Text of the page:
'This is home': Following rookie season with Pittsburgh Steelers, Kendrick Green returns to Peoria
Earlier this month Peoria native Kendrick Green wrapped up an impressive rookie season with the Pittsburgh Steelers, as he helped take the team to the NFL playoffs.
Now that the season’s over, Green is already back in his hometown.
In the last week he’s had dinner at Alexander’s Steakhouse. He got a tattoo touch-up from his longtime artist in East Peoria. And on Wednesday, he spoke with students at the Children's Home Association of Illinois’ Kiefer School about what it’s like playing in the NFL.
Green met with dozens of students ranging in ages from 6-21. Kiefer students hail from all over the Tri-County and receive specialized learning from the Children’s Home Association.
For a couple of hours Green answered questions like, “What do you miss most about Peoria?” and “Who’s your favorite football player?” (The answers are Rumberger’s Wings and Tom Brady, respectively.) Students were excited to learn Green, who is 6-foot-2-inches tall and roughly 310 pounds, can bench press 425 pounds.
Noticing Green’s light purple Balenciagas – a brand of designer sneakers that retail for $1,500 – a student excitedly asked, “How much … I mean – what’s your shoe size?”
Green laughed. He said he wasn’t sure – he didn’t pay for them, and wouldn't spend that kind of money on shoes.
“I got these for free,” he said.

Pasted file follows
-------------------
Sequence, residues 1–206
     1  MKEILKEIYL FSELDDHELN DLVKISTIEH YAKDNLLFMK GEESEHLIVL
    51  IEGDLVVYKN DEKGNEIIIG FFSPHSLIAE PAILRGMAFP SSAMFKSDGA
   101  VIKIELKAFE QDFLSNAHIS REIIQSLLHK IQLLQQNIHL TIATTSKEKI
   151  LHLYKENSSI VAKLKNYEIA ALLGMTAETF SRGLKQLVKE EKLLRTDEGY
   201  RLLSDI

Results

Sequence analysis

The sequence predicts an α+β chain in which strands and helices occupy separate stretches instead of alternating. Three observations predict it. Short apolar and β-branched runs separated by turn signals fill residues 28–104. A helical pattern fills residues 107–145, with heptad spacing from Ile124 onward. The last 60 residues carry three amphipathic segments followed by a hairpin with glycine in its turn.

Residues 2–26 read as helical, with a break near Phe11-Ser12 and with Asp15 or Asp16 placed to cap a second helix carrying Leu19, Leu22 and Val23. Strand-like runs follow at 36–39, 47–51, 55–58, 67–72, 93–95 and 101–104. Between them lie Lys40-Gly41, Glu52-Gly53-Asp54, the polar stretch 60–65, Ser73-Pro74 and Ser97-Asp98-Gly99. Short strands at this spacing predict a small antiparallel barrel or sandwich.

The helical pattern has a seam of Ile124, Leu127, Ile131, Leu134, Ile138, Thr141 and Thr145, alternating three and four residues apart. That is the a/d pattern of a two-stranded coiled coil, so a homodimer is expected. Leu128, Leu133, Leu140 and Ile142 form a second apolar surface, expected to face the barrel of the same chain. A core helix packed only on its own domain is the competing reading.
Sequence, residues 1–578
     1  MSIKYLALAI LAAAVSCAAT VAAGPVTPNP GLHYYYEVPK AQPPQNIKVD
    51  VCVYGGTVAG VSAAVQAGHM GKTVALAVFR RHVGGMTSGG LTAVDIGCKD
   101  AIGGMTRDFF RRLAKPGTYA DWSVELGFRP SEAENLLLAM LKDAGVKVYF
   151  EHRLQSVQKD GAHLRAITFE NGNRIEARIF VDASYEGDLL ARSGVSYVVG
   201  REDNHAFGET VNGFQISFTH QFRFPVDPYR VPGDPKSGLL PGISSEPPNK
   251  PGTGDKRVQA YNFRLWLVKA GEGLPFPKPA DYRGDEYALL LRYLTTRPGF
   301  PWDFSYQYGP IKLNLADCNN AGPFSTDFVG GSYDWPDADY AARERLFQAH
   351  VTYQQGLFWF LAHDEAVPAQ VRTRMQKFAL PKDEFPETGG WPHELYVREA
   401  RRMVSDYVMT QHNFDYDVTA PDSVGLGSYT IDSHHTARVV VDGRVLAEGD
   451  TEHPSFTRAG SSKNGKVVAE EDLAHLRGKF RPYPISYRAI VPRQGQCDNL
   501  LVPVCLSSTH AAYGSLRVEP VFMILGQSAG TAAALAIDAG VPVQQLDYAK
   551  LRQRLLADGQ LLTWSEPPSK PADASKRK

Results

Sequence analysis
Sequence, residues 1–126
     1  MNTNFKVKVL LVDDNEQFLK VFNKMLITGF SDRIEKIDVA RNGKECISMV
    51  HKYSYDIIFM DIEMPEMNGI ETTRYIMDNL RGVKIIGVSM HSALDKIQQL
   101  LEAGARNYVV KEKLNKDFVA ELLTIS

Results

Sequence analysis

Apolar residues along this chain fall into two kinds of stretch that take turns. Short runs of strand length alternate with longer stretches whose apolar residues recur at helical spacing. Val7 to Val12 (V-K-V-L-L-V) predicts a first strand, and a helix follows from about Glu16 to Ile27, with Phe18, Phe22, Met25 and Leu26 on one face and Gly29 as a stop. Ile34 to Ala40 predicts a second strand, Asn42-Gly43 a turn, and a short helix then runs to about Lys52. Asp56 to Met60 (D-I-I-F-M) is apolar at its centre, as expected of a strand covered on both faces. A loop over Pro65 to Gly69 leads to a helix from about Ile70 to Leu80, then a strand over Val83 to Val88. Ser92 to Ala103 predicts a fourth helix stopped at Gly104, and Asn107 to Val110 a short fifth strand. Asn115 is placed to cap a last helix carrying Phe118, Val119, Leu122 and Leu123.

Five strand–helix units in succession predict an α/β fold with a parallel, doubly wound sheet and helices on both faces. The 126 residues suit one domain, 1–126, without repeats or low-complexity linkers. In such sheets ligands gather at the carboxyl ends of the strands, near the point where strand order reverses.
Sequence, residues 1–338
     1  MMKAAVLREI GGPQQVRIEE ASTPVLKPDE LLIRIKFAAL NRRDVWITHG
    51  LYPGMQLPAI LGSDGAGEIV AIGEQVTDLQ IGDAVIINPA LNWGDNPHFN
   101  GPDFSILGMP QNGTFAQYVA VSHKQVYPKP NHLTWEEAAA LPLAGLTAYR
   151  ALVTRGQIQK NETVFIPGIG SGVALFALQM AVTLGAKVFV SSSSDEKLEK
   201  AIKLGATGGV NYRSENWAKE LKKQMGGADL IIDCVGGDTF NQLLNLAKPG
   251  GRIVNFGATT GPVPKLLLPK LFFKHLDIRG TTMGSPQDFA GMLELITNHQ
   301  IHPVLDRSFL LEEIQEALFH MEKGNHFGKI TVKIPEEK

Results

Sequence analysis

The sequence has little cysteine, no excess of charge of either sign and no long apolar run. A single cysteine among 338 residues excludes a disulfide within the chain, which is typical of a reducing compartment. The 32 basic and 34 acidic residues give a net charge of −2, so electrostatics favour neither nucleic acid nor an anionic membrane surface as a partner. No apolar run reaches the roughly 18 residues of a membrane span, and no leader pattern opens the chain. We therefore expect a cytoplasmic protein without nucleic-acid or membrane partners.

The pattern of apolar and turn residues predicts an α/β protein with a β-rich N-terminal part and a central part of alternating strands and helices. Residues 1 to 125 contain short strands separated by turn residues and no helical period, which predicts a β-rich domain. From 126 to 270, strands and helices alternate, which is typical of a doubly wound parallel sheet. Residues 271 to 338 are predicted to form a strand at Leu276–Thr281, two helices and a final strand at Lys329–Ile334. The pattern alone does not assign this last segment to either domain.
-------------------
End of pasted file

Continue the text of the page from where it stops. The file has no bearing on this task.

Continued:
Green grew up just a couple miles away from the Kiefer School in East Bluff – “right around the corner from Emo’s,” he said. He attended Hines Primary School, Von Steuben and Charles A. Lindberg middle schools and Peoria High School.
From the age of 7, Green said he dreamt of playing in the NFL.
“Every day,” he said. “I think that's why it's crazy … I'm kind of living out my dream. It’s a blessing.”
In middle school, Green and his best friend Devin Whitelow – who is now a fifth-year senior playing basketball at Winona State University – lifted weights together at Landmark off of University Street.
His “rigorous” athletic training began at Peoria High School.
“Leaps and bounds” bigger than his peers, Green joined Peoria High’s varsity team as a freshman, playing both offensive and defensive lineman.
“I used to wake up early in the morning, go workout, you know, and still be at class by 7:30 when that bell rings,” he said. “Then you’ll have practice. And then after practice, I’d go get another lift in. I used to do that repeatedly, every year.”
Green was Peoria High’s only Class of 2017 football player to sign a Division One scholarship. (Three students in the class below him signed scholarships the following year.)
“Everybody on the team wanted to do it … it’s just not in everybody’s cards, not what God has planned for everyone,” he said. “It’s definitely surreal. I think back then, I kind of took it for granted. But now I kind of realize like, dang, like, I was lucky.”
An Illinoisan fighting for change
At University of Illinois, Green played offensive lineman and studied sociology. His third and fourth seasons, however, unfolded during the COVID-19 pandemic.
The Big Ten’s pandemic shutdown coincided with a nationwide wave of protests following the police murders of George Floyd in Minneapolis, Breonna Taylor in Louisville, and others.
At this time, Green organized a peace march on the University of Illinois campus.